The Main Stand, which dates from 1936, is a small wooden structure. Depending on where you sit, your view of the action may be hampered by the vertical supports that hold the stand in place. Instead of plastic seats supporters park themselves on wooden benches. 250 fans can squeeze into this structure.
Directly opposite is the ‘Cow Shed’. This is a long, covered terrace filled with large wooden roof supports, the size of tree trunks, running along the front and rear.
Behind each goal is a stone chip path that leads from the turnstiles right around the luscious green pitch, which is regarded as one of the finest in northern Scotland. This is a refreshing change as most Highland League clubs play on quagmires.
There are eight floodlights at the ground – four large yellow and black pylons each with six lamps on and four smaller, wooden pylons with two lamps on.
Portakabins are used for club offices, toilets and refreshments and are positioned just inside the main entrance.
Forres Mechanics – Mosset Park
Forres Mechanics were formed in 1884, were founder members of the Highland League and have played at Mosset Park since 1897.
Today, the ground is dominated by the impressive Main Stand. The busy A96 [Inverness-Aberdeen road] runs directly behind this top-level stand that seats 540 supporters. Underneath the seated area, the stand houses the dressing rooms, boardroom, toilets and refreshment stall.
To the right of the stand is a small, sturdy iron shelter that protects disabled supporters – and those who have forgotten their umbrellas – from the often hostile Highland weather. While this structure will never win any architectural prizes for design it does provide welcome shelter, which is more than can be said for the other three sides of the ground.
Opposite the stand is an uncovered grassy embankment overlooked by houses.
It is a similar story behind both goals. A lack of amenities and simple grassy, often muddy, embankments means these ends are only really populated when the sun is shining.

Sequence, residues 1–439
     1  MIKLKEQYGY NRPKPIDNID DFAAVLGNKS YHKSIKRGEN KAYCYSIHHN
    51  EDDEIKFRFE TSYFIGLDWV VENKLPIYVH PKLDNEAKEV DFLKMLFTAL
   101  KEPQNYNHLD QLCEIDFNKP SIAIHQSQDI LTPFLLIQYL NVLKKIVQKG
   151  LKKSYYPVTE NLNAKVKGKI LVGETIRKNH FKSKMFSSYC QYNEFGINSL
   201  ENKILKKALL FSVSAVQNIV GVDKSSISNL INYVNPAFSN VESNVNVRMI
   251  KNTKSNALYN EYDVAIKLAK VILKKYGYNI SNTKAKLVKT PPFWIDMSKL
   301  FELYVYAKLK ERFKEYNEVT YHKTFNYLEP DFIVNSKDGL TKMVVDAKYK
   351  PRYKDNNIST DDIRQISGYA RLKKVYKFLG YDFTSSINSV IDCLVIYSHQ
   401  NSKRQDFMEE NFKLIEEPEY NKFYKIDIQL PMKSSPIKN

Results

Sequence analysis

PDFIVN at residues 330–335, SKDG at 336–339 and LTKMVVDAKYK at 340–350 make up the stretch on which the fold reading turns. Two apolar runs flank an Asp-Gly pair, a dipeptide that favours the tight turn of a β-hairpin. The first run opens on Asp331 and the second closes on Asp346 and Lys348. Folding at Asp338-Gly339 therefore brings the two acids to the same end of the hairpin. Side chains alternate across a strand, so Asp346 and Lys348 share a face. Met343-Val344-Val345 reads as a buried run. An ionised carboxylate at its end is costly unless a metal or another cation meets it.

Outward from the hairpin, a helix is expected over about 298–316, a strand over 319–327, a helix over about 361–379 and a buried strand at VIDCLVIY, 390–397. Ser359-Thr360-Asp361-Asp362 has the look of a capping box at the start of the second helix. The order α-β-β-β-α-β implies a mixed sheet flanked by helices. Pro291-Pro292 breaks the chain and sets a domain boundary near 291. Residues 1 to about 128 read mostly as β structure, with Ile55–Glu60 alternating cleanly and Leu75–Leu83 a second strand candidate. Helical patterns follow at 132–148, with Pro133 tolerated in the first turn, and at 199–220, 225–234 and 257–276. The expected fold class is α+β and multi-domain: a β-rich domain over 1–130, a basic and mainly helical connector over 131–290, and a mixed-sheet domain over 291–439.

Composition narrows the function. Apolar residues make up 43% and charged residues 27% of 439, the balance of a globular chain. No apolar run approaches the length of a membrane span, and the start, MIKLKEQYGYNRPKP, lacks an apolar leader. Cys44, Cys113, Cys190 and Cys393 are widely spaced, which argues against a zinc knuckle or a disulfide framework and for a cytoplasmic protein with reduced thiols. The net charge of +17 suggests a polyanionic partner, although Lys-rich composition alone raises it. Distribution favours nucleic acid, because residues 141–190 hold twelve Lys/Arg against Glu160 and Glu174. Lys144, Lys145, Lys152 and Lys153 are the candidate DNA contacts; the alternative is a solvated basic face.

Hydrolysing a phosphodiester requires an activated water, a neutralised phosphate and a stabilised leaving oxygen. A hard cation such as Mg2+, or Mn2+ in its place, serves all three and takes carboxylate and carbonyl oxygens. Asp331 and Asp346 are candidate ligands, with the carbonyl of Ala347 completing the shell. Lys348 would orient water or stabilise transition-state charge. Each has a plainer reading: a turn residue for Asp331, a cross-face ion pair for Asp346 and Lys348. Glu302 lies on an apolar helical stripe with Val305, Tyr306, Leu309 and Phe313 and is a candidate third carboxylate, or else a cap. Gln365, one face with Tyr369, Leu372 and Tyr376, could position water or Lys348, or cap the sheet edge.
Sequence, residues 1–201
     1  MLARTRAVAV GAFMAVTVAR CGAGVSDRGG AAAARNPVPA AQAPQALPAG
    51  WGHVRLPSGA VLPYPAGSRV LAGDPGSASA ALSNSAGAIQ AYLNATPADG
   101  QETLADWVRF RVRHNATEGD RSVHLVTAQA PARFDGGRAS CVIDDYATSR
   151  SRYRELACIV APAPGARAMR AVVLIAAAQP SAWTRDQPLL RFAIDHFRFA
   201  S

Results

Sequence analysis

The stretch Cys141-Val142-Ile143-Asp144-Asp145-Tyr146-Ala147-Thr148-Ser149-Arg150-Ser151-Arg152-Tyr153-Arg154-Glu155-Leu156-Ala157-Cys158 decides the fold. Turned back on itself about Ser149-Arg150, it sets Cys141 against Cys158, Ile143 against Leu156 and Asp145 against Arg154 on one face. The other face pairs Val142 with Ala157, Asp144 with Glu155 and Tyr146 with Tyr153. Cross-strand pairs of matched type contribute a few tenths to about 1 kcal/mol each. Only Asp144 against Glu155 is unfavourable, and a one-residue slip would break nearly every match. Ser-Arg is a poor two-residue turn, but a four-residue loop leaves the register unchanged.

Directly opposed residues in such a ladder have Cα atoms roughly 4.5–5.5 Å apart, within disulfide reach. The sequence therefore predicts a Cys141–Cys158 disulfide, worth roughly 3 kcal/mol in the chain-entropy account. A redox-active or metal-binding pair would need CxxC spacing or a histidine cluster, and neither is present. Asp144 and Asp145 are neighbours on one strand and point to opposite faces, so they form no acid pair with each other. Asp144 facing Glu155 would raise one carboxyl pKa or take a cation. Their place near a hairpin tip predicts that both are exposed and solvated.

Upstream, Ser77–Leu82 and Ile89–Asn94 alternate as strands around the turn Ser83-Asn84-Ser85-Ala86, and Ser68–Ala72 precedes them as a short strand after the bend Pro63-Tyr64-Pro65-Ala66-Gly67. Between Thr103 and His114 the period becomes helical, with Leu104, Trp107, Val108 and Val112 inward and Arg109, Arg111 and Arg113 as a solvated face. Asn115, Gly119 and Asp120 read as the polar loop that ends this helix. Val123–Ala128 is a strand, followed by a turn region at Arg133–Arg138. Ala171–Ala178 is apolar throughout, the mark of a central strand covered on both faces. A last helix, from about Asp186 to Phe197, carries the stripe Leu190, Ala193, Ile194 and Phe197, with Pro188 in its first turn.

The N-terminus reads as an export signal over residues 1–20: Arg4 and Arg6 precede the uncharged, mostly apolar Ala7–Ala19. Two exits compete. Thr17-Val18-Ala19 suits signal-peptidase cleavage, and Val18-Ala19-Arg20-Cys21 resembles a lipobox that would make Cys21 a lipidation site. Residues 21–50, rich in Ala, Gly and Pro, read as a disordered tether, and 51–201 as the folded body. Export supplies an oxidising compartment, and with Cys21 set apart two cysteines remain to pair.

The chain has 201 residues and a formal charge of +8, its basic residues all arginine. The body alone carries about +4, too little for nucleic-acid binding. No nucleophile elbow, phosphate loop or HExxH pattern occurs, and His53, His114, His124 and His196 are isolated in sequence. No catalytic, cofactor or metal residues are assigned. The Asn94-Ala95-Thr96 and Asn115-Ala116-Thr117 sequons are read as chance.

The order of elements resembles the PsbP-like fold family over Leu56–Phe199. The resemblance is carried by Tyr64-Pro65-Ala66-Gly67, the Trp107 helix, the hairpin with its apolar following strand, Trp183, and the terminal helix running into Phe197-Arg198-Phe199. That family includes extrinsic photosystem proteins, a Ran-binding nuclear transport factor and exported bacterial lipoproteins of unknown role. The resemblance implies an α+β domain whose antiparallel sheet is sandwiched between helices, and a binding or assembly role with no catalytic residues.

I particularly like the design of the dug outs at Mosset Park with the chunky lettering leaving you in no doubt who sits where.
The overall ground capacity is 6,540.
Lossiemouth – Grant Park
Grant Park (capacity 3,500) is home to a 250-seat wooden Main Stand with windbreaks. This stand is similar to many in the Highland League in size and top-level entry style. By all accounts it is uncomfortable with a poor view.
Opposite this modest structure is a small covered terrace area, which rather resembles a bus shelter. It was erected in 1993.
The far end of the ground is closed off with only rusty corrugated iron standing behind the goal.
I was positioned behind the opposite goal after gaining entry into the ground through the official players entrance. I use a wheelchair so I couldn’t get through the turnstiles. Instead I had to wheel past the dilapidated looking dressing rooms and barren boardroom before reaching pitch side. I found a steep, muddy bank behind the goal as well as a small portakabin, which was used as a club shop.
In the far corner stands the most interesting structure in the ground – a small pavilion that originally housed the changing rooms. This wooden building is now used to sell refreshments from the front and includes toilets – for the “Gents” anyway – at the back.
Grant Park is a rather run down ground that doesn’t seem to have had a lick of paint since it was opened in circa 1947, but this gives it a certain appeal to me. I would much prefer to watch football in a ground full of character and quirkiness than a plastic, new build full of empty seats.
Rothes – Mackessack Park
The town of Rothes is situated ten miles South of Elgin on the A941 and is home to a number of whiskey distilleries and associated industries. This is handy as anyone watching Rothes FC regularly this season would have needed more than a few drams to help them sleep at night. At the time of writing, Rothes are 13th in the Highland League with only 22 points from 24 games and a goal difference of –32.
Home to Rothes since they were admitted to the Highland League in 1938, Mackessack Park stands amidst rolling hills by the side of the River Spey (hence the club nickname of ‘The Speysiders’). It really is a lovely setting but this is a double-edged sword as between September 2004 and late February 2005, Rothes only played one home game thanks to the incessant waterlogging that dogged the club. There were similar problems during 2005/06.
The ground is home to a small stand (capacity 160) with just four rows of seats. The other three sides of the pitch are simply small grass embankments, which offer no shelter from the elements but some pleasant views of rolling hills. The total capacity for the ground is 2,650.
Mackessack Park wins plus points for its beautiful surroundings and boasts four sets of single pole floodlights, each with eight lamps on, which run down both sides of the pitch.
The dugouts look rather tired but while you can’t imagine Sir Alex parking his rear on this glorified park bench, they serve their purpose at this level.
Thanks to Kenny MacLeod, Alan McIntosh and Easton Thain for their co-operation with this article.